Why are the babies the unlucky ones?

I’ll tell you why.

Mothers are tired.

Sleep deprived.

Crisis moments with partners and BFFs happen a few times a year. Crisis moments with babies happen every hour, day and night.

We are struggling.

self soothing breastfeeding world
let’s see… put him down to do laundry while he screams or hold him and take a selfie in the bathroom mirror?

We are drowning.

Some of us suffer from anxiety and depression and we’re figuring out how to deal with it alone.

Mothers need space. Parents need sleep. We need help.

And this is a modern problem.

Back in the day, tribal mommas didn’t say, “I cannot deal with this crying anymore! You need to learn to self soothe!”

No, she would say, “I cannot deal with this crying anymore! You need to go hang out with one of your 53 cousins!”

Actually, she probably wouldn’t even arrive at her breaking point because three of the cousins were probably with her all the time.

Modern society has changed..

Fast forward a hundred years or so, or simply step into the western world, and parents are alone. We do what we have to do in order to survive, and letting our babies cry sometimes is a necessity. Sometimes we are at the end of our rope. Babies learn self soothing because we just can’t physically do it all.

So basically, as modern society has shifted away from tribal life and into nuclear family life, parents have gotten a very bad deal. And somehow we have convinced ourselves that the babies are the ones who have to adapt. They need to get over themselves and self soothe, because momma is tired.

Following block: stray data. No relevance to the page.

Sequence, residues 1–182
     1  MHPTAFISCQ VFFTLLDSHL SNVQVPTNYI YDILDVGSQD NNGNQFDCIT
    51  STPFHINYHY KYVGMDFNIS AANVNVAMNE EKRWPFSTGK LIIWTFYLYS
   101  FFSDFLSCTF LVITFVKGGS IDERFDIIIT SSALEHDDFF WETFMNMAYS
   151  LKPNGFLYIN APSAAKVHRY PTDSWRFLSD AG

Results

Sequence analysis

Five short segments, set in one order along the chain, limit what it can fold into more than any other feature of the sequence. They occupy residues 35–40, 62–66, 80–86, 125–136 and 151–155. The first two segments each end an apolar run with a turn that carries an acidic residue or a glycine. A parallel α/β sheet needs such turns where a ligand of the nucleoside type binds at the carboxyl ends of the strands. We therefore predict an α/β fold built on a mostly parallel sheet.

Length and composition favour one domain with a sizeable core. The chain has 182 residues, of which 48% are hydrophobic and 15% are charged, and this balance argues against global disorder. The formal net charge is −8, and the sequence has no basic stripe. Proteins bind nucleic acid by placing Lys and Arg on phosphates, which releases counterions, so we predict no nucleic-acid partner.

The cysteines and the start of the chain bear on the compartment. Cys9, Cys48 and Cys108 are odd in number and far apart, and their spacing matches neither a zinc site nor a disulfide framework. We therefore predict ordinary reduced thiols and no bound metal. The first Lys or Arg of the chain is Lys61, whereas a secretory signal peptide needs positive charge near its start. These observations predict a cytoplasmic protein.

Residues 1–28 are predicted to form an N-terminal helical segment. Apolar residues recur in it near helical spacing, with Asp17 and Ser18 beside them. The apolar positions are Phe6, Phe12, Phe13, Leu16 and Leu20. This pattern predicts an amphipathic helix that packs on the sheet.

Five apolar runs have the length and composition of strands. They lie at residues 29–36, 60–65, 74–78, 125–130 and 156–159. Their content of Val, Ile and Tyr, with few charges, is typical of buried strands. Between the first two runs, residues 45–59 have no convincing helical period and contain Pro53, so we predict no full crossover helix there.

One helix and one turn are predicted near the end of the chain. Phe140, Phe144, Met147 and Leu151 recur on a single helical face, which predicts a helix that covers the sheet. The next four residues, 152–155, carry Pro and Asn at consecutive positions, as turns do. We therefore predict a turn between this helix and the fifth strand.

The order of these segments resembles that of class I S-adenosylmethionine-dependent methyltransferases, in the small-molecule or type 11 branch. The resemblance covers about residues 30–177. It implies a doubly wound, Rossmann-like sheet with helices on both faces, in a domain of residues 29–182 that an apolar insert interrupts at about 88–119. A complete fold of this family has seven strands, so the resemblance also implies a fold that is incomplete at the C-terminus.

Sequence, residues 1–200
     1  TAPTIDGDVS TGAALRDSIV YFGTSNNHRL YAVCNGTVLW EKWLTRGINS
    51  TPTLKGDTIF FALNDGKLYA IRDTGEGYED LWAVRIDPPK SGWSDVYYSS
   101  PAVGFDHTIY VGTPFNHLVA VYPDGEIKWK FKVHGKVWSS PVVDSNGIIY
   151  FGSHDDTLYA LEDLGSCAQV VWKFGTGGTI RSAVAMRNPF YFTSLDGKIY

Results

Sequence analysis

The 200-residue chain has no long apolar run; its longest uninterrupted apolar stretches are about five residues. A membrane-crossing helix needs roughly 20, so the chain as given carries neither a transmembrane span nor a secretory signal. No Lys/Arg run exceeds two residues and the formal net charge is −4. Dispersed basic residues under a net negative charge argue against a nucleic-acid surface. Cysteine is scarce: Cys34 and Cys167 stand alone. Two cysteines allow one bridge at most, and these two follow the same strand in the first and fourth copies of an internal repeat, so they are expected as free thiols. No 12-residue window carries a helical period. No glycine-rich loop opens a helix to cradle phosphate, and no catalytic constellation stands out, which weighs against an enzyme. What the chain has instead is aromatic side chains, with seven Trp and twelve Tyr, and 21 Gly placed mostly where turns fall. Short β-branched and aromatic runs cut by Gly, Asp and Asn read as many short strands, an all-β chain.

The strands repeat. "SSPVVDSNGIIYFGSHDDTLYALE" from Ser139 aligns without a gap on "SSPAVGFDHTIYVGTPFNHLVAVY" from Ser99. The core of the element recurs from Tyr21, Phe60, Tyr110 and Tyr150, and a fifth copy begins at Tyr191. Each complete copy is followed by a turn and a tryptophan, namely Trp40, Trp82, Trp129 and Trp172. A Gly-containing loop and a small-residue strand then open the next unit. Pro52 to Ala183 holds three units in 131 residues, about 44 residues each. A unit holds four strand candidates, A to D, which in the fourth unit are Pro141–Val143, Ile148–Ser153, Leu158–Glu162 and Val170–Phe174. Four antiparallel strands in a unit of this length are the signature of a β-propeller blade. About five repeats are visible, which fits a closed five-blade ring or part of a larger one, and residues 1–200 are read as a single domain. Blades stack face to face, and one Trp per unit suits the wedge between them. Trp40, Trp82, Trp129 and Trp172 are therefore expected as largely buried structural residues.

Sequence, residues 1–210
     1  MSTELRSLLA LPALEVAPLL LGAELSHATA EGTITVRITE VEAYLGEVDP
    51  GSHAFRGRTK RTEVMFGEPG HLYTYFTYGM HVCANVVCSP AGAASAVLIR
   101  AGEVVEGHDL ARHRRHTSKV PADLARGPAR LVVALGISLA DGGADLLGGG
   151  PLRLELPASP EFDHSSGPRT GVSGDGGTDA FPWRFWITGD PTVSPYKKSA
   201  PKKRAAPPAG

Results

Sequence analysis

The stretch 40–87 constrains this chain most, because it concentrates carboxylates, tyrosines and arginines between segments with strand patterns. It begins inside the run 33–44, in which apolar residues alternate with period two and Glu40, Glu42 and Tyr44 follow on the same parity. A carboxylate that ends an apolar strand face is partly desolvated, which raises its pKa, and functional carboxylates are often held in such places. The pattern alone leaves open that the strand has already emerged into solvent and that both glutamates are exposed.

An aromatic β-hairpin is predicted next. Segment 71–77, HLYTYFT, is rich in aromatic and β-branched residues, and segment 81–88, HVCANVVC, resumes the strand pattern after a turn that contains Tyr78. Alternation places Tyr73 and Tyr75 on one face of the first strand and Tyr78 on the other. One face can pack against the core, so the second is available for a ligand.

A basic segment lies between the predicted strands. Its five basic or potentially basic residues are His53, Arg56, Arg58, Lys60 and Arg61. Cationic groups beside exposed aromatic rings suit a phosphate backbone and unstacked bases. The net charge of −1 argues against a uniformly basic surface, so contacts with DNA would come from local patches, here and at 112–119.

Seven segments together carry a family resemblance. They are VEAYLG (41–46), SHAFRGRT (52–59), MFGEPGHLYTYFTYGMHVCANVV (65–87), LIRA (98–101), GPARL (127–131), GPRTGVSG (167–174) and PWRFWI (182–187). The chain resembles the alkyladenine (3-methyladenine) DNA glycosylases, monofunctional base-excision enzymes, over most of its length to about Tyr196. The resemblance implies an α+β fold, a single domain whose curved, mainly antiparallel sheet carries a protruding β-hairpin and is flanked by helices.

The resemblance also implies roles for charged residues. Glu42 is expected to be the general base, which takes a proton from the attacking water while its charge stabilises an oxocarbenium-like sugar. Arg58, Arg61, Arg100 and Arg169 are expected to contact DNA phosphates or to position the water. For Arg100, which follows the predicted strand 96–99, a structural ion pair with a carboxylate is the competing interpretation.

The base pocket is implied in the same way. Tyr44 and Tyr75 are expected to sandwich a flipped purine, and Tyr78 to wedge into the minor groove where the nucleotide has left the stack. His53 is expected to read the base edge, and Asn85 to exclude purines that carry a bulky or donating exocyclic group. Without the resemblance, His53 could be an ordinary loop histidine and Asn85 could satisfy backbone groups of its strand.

Please let me know if you disagree when I say that being left alone in distress is not good for anyone. It’s not good for grown men and women and it’s certainly not good for babies. Here’s an idea. Instead of changing babies, can we try and change society? We ARE society by the way. We can be the change we want to see.

I just watched The Lorax with my kids and I have to say that Dr. Seuss said it all when he wrote, “Unless someone like you cares a whole awful lot, nothing is going to get better, it’s not.”

So the next time your neighbor asks you, “are you ALWAYS holding that baby?” Ask him if he ALWAYS has Saturday mornings free and if he could empty your dishwasher for you or take out the trash. We need help! Not advice. Babies haven’t changed. Our society has. Let’s try to stick together a little bit more. For our babies and for ourselves!

What do you think about babies learning to self soothe? What have you found works for your family?

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self soothing breastfeeding world

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Anne Kathryn Rice

Anne Kathryn Rice

Anne Kathryn Rice is an American mother of two strong willed children living on the Italian Riviera. She writes about motherhood and listening to your inner voice, even when cultural expectations, baby books, and impromptu advice seem to challenge your instincts.You can read more about her personal experiences on her blog.
Anne Kathryn Rice